Israel reportedly planning ‘voluntary migration’ of Gaza residents to Congo and Saudi Arabia

Netanyahu’s coalition government is holding talks with countries such as Congo


Gazans in Rafah in the southern Gaza Strip (Photo: Getty)

Israeli officials are holding talks with various countries over the “voluntary” resettlement of Gaza residents following the Israel-Hamas war, according to reports.

Prime Minister Benjamin Netanyahu’s coalition government asked countries including Congo to accept thousands of Gazans. 

A senior source in the security cabinet told the Hebrew site Zman Israel: “Congo will be willing to take in migrants, and we’re in talks with others.”

Netanyahu said he was working to facilitate the “voluntary migration” of Gazans to other countries. Saudia Arabia is also believed to have been discussed as an option as the country employs millions in its booming construction industry.

Responding to Likud MK Danny Danon during a party meeting, he said: “Our problem is [finding] countries that are willing to absorb Gazans, and we are working on it.”

Danon had claimed that “the world is already discussing the possibilities of voluntary immigration.”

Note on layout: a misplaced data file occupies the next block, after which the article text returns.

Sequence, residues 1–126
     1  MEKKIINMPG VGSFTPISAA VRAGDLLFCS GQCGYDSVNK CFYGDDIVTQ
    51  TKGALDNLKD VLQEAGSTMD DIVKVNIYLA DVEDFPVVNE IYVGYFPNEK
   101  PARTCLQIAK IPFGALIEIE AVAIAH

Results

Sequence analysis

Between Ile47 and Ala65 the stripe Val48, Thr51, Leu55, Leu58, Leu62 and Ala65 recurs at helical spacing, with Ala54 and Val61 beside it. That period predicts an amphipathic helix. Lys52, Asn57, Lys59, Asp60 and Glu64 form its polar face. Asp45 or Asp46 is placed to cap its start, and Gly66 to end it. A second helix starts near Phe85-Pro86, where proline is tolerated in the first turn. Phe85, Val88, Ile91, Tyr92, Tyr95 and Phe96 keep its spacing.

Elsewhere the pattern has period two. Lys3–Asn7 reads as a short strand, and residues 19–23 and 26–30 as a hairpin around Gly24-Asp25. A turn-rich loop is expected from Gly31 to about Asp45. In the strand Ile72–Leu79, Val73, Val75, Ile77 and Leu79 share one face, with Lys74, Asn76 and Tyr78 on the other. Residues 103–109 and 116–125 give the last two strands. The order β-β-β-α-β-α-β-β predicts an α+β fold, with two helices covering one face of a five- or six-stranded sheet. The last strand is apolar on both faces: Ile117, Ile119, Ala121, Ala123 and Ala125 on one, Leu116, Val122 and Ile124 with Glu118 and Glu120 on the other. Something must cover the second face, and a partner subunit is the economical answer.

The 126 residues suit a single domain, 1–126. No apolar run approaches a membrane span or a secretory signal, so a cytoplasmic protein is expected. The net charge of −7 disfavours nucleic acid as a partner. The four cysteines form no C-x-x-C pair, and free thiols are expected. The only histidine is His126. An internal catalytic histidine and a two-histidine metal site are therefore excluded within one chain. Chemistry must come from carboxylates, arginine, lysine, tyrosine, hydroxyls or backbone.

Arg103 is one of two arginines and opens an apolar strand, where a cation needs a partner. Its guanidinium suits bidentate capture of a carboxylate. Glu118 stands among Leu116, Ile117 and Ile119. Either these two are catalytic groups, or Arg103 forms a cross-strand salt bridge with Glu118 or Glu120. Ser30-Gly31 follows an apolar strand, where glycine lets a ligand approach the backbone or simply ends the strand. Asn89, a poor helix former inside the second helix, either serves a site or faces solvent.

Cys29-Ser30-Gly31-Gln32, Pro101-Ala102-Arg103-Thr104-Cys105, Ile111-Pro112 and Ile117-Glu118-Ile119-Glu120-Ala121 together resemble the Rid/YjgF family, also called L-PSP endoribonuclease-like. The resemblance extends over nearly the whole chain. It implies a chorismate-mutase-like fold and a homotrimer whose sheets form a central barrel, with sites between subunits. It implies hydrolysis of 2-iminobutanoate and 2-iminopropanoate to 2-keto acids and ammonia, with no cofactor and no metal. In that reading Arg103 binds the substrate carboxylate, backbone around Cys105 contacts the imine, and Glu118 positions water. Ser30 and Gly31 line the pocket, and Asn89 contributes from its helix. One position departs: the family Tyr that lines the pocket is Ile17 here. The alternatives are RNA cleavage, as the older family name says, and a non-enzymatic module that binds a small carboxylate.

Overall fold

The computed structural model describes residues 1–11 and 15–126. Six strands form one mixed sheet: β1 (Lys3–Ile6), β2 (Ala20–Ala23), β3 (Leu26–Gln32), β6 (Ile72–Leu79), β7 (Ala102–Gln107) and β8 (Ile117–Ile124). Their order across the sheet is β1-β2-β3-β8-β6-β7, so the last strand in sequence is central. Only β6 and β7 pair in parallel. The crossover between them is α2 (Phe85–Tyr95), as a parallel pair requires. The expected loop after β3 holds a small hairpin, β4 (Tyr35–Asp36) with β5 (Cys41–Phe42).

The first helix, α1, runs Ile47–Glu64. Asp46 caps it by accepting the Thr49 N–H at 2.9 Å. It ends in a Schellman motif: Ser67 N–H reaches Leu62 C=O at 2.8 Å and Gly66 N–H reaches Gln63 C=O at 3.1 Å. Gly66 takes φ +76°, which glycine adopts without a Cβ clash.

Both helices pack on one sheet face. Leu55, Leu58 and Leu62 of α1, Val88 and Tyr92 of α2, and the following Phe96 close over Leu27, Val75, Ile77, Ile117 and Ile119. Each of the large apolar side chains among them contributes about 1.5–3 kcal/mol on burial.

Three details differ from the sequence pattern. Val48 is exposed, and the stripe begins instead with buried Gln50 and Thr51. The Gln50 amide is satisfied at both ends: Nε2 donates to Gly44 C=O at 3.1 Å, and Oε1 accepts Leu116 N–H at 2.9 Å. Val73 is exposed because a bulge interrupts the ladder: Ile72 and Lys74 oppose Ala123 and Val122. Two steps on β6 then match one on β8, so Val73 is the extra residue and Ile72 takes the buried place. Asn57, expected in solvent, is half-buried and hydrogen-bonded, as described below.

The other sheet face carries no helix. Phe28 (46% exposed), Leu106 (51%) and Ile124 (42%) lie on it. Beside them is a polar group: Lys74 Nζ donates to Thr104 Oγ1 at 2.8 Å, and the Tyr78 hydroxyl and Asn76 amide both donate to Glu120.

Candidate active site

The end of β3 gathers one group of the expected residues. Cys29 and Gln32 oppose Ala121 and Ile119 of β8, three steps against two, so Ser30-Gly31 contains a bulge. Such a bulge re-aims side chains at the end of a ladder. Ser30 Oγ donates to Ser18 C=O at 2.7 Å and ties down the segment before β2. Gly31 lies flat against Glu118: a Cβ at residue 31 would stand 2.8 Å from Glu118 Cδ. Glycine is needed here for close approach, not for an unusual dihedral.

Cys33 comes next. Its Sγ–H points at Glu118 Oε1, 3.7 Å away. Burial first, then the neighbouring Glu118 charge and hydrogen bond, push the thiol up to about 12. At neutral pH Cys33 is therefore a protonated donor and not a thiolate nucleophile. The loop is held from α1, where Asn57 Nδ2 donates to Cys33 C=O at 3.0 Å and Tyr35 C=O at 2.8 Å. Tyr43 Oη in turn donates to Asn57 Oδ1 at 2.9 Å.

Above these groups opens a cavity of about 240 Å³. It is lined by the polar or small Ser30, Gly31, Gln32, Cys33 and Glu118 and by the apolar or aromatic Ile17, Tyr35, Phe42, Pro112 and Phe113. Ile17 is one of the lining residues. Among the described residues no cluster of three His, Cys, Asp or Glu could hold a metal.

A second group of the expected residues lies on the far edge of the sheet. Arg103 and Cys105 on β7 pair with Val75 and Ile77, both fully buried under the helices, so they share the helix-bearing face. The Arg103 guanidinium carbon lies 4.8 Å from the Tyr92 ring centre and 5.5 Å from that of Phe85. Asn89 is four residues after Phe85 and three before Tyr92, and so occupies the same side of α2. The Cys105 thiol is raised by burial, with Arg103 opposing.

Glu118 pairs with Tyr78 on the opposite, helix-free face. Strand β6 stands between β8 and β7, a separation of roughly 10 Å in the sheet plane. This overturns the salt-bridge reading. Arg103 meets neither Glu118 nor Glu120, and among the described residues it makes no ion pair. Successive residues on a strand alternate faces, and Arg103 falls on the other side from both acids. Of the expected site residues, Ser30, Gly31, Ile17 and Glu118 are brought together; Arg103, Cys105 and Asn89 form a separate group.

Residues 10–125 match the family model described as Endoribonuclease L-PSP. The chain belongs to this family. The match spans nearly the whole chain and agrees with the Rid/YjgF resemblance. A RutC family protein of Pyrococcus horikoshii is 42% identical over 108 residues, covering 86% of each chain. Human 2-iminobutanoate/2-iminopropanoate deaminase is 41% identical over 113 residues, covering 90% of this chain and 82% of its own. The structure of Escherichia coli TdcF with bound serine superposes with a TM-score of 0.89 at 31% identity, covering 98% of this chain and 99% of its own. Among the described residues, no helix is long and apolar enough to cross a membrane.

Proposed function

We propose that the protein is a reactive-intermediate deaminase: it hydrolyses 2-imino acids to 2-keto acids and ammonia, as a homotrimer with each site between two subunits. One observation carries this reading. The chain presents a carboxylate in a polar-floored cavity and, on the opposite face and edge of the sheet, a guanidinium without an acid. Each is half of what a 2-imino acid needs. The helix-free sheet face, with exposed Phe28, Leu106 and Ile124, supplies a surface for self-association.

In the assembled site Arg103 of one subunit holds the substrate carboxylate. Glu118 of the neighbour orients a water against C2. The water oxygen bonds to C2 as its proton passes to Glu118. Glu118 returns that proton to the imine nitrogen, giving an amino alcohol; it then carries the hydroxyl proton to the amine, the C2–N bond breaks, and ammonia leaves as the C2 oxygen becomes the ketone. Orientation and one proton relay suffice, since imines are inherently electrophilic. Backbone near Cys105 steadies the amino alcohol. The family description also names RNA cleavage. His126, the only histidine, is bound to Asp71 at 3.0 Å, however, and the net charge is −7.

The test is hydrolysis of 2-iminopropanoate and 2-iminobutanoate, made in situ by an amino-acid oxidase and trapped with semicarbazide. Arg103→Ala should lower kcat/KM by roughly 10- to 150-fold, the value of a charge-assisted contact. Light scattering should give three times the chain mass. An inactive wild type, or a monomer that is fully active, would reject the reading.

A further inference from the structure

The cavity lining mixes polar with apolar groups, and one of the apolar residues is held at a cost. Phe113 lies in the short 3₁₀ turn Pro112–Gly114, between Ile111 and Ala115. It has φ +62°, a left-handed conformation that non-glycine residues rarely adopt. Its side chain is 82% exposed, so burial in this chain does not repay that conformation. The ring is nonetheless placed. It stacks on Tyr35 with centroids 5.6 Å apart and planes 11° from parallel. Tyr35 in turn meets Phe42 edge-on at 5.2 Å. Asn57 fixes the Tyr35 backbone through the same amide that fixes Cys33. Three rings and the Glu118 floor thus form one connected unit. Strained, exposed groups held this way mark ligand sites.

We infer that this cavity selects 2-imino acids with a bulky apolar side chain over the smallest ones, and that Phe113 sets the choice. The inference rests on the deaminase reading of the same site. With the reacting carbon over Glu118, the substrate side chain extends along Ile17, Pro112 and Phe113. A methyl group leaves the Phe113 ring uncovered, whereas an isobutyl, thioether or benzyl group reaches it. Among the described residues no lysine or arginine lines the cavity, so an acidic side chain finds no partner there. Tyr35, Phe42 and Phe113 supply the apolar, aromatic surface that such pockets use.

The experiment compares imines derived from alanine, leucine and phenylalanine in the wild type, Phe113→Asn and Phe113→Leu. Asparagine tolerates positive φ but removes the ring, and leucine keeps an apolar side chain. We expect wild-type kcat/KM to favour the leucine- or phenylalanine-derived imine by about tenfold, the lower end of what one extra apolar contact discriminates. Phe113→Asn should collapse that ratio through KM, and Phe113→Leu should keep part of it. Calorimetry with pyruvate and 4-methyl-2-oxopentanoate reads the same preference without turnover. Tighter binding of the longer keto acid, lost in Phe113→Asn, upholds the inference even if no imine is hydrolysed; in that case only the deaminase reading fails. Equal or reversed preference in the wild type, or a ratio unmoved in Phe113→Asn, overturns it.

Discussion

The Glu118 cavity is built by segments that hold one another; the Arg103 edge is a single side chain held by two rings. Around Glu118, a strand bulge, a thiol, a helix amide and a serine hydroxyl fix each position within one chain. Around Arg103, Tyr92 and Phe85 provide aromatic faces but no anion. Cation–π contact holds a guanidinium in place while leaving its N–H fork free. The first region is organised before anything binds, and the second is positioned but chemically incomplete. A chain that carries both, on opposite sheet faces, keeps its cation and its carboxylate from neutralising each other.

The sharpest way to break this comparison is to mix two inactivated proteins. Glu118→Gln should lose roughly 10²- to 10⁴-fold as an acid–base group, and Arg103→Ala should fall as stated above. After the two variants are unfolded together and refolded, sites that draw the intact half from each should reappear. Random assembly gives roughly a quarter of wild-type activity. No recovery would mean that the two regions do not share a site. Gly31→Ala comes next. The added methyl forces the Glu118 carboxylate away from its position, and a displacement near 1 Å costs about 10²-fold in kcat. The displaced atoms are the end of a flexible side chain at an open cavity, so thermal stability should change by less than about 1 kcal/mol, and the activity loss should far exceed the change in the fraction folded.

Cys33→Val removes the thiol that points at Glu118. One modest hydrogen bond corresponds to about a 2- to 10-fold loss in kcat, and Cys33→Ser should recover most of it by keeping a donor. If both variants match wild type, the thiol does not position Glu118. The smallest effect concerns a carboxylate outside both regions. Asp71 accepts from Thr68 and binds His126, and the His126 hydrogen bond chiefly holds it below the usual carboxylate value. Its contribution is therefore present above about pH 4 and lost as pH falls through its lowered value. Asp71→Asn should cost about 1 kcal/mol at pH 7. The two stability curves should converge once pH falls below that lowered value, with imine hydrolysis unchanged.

On Tuesday, he presented his five-step plan for post-war Gaza at a conference in the Knesset which included voluntary emigration.

He had earlier in November published an op-ed piece in the Wall Street Journal along with Yesh Atid MK Ram Ben Barak. In it, he called for “countries around the world to accept limited numbers of Gazan families who have expressed a desire to relocate.”

However, Ben Barak later claimed he had “not been completely understood.”

Meanwhile, intelligence minister Gila Gamliel said that “voluntary migration is the best and most realistic program for the day after the fighting ends.”

Speaking during the conference held in the Knesset to examine possibilities for postwar Gaza on Tuesday, Gamliel said: “At the end of the war, Hamas rule will collapse. There are no municipal authorities; the civilian population will be entirely dependent on humanitarian aid.

“There will be no work, and 60% of Gaza’s agricultural land will become security buffer zones.”

He added: “The Gaza problem is not just our problem. The world should support humanitarian emigration, because that’s the only solution I know.”

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